Oct 15, 2004
Robert Frost (1874 - 1963)
"Education is the ability to listen to almost anything without losing your temper." --Robert Frost
Robert Lee Frost was born in San Francisco on March 26, 1874. President Kennedy presented him with the Congressional Medal in 1962. The winner of four Pulitzer Prizes (1924, 1931, 1937 & 1943), Frost is perhaps best known for his poem Stopping by Woods on a Snowy Evening
I didn't see the end until I got to it.
Every poem is a voyage of discovery.
I go in to see if I can get out, like you go to the North Pole.
Once you've said the first line, the rest of it's got to be.
Robert Frost died in Boston, on January 29, 1963 and is buried in Bennington, Vermont. The inscription on his gravestone is "I had a lover's quarrel with the world". He is considered the most popular American poet of the twentieth century and some say the best poet ever, anywhere!
THE ROAD NOT TAKEN - Robert Frost
Two roads diverged in a yellow wood,
And sorry I could not travel both
And be one traveler, long I stood
And looked down one as far as I could
To where it bent in the undergrowth;
Then took the other, as just as fair,
And having perhaps the better claim,
Because it was grassy and wanted wear;
Though as for that the passing there
Had worn them really about the same,
And both that morning equally lay
In leaves no step had trodden black.
Oh, I kept the first for another day!
Yet knowing how way leads on to way,
I doubted if I should ever come back.
I shall be telling this with a sigh
Somewhere ages and ages hence:
Two roads diverged in a wood, and I-
I took the one less traveled by,
And that has made all the difference.
One thing I care about, and wish young people could care about it, is taking poetry as the first form of understanding. Say it: my favorite form of understanding. If poetry isn't understanding all, the whole world, then it isn't worth anything. Young poets forget that poetry must include the mind as well as the emotions. Too many poets delude themselves by thinking the mind is dangerous and must be left out. Well, the mind is dangerous and must be left in.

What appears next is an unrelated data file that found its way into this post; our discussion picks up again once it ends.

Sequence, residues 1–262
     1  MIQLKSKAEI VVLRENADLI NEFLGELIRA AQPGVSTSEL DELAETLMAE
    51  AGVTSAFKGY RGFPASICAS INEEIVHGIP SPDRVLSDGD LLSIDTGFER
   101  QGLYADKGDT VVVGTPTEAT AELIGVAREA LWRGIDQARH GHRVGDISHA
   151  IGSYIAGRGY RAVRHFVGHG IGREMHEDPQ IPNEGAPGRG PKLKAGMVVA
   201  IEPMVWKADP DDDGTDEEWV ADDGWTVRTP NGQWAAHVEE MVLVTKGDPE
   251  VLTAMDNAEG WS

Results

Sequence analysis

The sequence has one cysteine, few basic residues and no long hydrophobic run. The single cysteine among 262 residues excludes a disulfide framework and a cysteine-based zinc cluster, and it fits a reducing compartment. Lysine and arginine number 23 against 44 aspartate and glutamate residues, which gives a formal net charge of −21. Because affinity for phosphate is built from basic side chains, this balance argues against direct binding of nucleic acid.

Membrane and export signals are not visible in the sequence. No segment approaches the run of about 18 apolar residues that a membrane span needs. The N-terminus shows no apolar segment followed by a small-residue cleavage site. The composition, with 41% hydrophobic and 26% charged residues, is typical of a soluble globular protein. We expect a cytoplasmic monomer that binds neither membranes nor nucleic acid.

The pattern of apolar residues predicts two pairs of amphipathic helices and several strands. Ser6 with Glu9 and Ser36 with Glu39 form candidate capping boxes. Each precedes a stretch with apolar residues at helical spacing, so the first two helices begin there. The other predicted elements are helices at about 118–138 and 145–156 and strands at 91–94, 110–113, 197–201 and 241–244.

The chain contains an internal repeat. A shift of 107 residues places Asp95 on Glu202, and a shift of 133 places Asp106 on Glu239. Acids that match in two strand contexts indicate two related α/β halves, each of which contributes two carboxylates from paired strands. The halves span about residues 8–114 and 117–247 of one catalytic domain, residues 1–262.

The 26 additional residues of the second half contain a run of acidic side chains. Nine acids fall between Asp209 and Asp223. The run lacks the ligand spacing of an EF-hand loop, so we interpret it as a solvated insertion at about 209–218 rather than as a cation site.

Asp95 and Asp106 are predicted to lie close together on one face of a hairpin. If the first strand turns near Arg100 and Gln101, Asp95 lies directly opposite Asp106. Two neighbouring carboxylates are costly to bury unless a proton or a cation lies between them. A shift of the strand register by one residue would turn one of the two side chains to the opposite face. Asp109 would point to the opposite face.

For a collection of his works, read: http://www.robertfrost.org/books.html
Posted at 11:55 pm by freud
Dec 29, 2003
The vast ocean
The unlimited dreams
The small tiny cruises
The limited life
the tiny little cruises are
on the vast ocean,
my limited life is
on the road of fantasy -
a pathway directing to
the world of dreams.
the small cruises have
their own values:
they transport people
from one place to another,
and open up linkages
between different nations
Its goal is to arrive to
another port through
the vast yet deep ocean.
My life, perhaps,
has its own value too.
I question myself:
"So, what is my value of life?
Why am I living?
Do I have ultimate life goals?"
All these questions on my mind
are left unanswered.
They have become
the treasures of the vast ocean...
Written by Jilly M. on 22th December, 2003, 01:15 AM on Star Cruise
© 2003 Jilly M. All Rights Reserved.
Posted at 02:34 am by freud
Dec 13, 2003
You know I never could explain
The way I lost my heart to you that day
But if destiny decided I should look the other way
Then the world would never know
The greatest story ever told
Posted at 02:17 pm by freud
Nov 9, 2003
"I have almost forgot the taste of fears.
The time has been my senses would have cool'd
To hear a night shriek, and my fell of hair
Would at a dismal treatise rouse and stir
As life were in't. I have supp'd full with horrors;
Direness, familiar to my slaughterous thoughts,
Cannot once start me."
----Will - Macbeth
Posted at 11:14 am by freud
Oct 20, 2003
This is my letter to the world
Dickinson is simply unlike any other poet; her compact, forceful language, characterized formally by long disruptive dashes, heavy iambic meters, and angular, imprecise rhymes, is one of the singular literary achievements of the nineteenth century. Her aphoristic style, whereby substantial meanings are compressed into very few words, can be daunting, but many of her best and most famous poems are comprehensible even on the first reading. During her lifetime, Dickinson published hardly any of her massive poetic output (fewer than ten of her nearly 1,800 poems) and was utterly unknown as a writer. After Dickinson's death, her sister discovered her notebooks and published the contents, thus, presenting America with a tremendous poetic legacy that appeared fully formed and without any warning. As a result, Dickinson has tended to occupy a rather uneasy place in the canon of American poetry; writers and critics have not always known what to make of her. Today, her place as one of the two finest American poets of the nineteenth century is secure: Along with Whitman, she literally defines the very era that had so little palpable impact on her poetry.
|THIS is my letter to the world,
| That never wrote to me,—
|The simple news that Nature told,
| With tender majesty.|
|Her message is committed
| To hands I cannot see;
|For love of her, sweet countrymen,
| Judge tenderly of me!|
Posted at 01:16 am by freud
"Think like a man of action, act like a man of thought." - Bergson, Henri Louis